Despite loss of carriers, plans to grow Stewart

June 17, 2008 5:10:55 AM PDT
Stewart International Airport is on track to lose its second passenger carrier since April, undercutting efforts to create a bustling Hudson Valley air travel hub during a tumultuous time in the industry. AirTran Airways said Friday it would stop service at Stewart on Sept. 3 because of sharply higher fuel costs. The announcement came two months after Skybus Airlines filed for bankruptcy and ceased flights to the Orange County airport.

The double blow to Stewart comes as the airline industry struggles with high fuel prices and a slow economy. The loss of AirTran would reduce Stewart to four passenger carriers this fall - less than a year after the Port Authority of New York and New Jersey took over the underutilized airport with promises to transform it into an alternative to the three major metropolitan airports.

Port Authority officials said Monday the current turmoil in the industry will not affect their long-term plan to pump $500 million into the airport over the next decade. The authority is still trying to land other domestic and international carriers and they are still talking to AirTran about staying, said authority spokesman Pasquale DiFulco.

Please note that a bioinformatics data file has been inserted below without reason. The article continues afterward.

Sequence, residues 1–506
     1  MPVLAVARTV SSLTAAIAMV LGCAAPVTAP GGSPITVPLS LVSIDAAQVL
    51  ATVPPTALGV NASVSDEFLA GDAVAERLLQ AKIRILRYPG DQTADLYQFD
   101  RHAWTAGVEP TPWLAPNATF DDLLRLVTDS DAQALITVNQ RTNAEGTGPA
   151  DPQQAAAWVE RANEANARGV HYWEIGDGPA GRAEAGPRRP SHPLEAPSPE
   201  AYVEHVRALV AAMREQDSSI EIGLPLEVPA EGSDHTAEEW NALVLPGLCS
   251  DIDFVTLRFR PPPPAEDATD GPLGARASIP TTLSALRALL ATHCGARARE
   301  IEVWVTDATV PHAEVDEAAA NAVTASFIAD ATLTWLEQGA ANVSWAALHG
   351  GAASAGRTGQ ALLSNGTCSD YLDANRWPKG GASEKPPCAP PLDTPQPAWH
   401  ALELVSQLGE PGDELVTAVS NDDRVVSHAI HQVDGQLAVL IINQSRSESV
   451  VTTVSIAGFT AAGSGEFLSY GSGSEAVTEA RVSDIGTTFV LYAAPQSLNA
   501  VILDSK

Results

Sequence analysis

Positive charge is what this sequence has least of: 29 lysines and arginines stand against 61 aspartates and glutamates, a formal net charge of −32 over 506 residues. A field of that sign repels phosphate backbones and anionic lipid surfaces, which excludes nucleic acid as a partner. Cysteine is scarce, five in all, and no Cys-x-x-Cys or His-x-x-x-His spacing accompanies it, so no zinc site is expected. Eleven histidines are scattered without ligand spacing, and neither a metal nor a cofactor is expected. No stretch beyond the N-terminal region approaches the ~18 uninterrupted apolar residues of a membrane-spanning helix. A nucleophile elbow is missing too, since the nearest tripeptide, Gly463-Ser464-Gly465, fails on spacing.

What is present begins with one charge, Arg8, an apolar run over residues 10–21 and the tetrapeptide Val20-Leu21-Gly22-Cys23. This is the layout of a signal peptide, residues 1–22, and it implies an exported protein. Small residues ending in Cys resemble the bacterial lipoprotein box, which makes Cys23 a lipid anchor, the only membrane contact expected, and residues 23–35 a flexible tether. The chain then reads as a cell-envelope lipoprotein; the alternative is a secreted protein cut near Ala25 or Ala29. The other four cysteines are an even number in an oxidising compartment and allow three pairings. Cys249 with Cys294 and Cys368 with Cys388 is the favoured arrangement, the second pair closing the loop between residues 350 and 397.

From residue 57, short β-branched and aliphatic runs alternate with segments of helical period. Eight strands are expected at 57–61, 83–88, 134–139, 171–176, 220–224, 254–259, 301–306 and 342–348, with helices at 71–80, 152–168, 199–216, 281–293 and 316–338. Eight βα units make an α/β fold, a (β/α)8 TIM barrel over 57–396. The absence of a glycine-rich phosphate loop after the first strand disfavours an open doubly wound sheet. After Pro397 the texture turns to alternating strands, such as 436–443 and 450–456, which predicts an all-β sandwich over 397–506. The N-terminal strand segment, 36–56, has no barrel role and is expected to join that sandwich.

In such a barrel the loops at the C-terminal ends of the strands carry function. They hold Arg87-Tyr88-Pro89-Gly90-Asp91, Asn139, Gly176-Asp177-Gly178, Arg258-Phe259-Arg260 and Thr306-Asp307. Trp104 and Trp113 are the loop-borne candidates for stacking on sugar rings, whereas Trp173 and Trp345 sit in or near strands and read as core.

"We know that this is a remarkably resilient industry. Stewart is key for us for providing greater capacity for the region," DiFulco said. "And we remain committed."

DiFulco said the projection that Stewart would handle about 900,000 passengers this year will be lowered. Stewart handled 284,982 in the first quarter of this year.

The authority - which runs metropolitan-area airports, bridges, tunnels and bus terminals - agreed last year to spend $78.5 million to assume a private company's lease to operate the former U.S. Air Force base through 2099. Stewart, about 60 miles north of New York City, is being groomed as a northern alternative to Kennedy International, LaGuardia and Newark Liberty airports.

Besides AirTran, passenger service at Stewart is now provided by JetBlue, Delta Connection, Northwest and US Airways Express.

Independent airline consultant Robert Mann of Long Island said the Port Authority is "swimming against the tide" in trying to increase service at Stewart when the airline industry is plagued with so many problems. But he also said the Port Authority, a public entity that plans years into the future, is well positioned to wait out cyclical downturns. He said that could take years.

"I think it's going to be tough sledding for a while," he said.

Still, DiFulco noted passenger figures are up from 2006. And there's evidence Hudson Valley residents are opting to fly from Stewart when good flights are available.

Travel agent Diana Presta of Anywhere Travel in New City, Rockland County, said her No. 1 airport for bookings is still Newark because of all the flights available. But she often books JetBlue flights to Florida out of Stewart because its easier for her customers to get there.

"They feel it's less of a hassle," Presta said. "It's a big plus."


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